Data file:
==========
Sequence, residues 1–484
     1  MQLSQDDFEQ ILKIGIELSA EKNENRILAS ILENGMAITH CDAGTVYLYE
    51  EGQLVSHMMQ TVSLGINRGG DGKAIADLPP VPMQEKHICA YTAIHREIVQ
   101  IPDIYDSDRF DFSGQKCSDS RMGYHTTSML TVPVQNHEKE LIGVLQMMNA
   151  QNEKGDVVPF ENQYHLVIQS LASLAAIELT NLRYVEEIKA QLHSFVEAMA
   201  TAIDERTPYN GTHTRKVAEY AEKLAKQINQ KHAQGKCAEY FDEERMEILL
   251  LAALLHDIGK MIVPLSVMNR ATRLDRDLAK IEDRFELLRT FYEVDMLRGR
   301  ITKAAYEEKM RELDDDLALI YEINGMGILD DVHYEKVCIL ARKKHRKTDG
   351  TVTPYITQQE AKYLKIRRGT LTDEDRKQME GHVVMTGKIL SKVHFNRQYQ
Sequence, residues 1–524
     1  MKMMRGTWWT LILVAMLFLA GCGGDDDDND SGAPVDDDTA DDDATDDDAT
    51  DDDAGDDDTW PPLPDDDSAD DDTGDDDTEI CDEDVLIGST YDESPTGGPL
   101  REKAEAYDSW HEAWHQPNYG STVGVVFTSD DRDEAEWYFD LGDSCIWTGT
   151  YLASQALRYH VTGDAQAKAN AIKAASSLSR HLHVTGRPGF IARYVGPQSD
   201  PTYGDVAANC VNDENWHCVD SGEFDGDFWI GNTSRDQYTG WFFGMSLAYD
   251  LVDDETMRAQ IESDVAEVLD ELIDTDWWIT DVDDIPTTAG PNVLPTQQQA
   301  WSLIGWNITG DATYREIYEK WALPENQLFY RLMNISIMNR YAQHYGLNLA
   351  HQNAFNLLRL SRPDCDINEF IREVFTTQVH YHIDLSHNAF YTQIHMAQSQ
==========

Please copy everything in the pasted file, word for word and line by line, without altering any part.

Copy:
Sequence, residues 1–484
     1  MQLSQDDFEQ ILKIGIELSA EKNENRILAS ILENGMAITH CDAGTVYLYE
    51  EGQLVSHMMQ TVSLGINRGG DGKAIADLPP VPMQEKHICA YTAIHREIVQ
   101  IPDIYDSDRF DFSGQKCSDS RMGYHTTSML TVPVQNHEKE LIGVLQMMNA
   151  QNEKGDVVPF ENQYHLVIQS LASLAAIELT NLRYVEEIKA QLHSFVEAMA
   201  TAIDERTPYN GTHTRKVAEY AEKLAKQINQ KHAQGKCAEY FDEERMEILL
   251  LAALLHDIGK MIVPLSVMNR ATRLDRDLAK IEDRFELLRT FYEVDMLRGR
   301  ITKAAYEEKM RELDDDLALI YEINGMGILD DVHYEKVCIL ARKKHRKTDG
   351  TVTPYITQQE AKYLKIRRGT LTDEDRKQME GHVVMTGKIL SKVHFNRQYQ
Sequence, residues 1–524
     1  MKMMRGTWWT LILVAMLFLA GCGGDDDDND SGAPVDDDTA DDDATDDDAT
    51  DDDAGDDDTW PPLPDDDSAD DDTGDDDTEI CDEDVLIGST YDESPTGGPL
   101  REKAEAYDSW HEAWHQPNYG STVGVVFTSD DRDEAEWYFD LGDSCIWTGT
   151  YLASQALRYH VTGDAQAKAN AIKAASSLSR HLHVTGRPGF IARYVGPQSD
   201  PTYGDVAANC VNDENWHCVD SGEFDGDFWI GNTSRDQYTG WFFGMSLAYD
   251  LVDDETMRAQ IESDVAEVLD ELIDTDWWIT DVDDIPTTAG PNVLPTQQQA
   301  WSLIGWNITG DATYREIYEK WALPENQLFY RLMNISIMNR YAQHYGLNLA
   351  HQNAFNLLRL SRPDCDINEF IREVFTTQVH YHIDLSHNAF YTQIHMAQSQ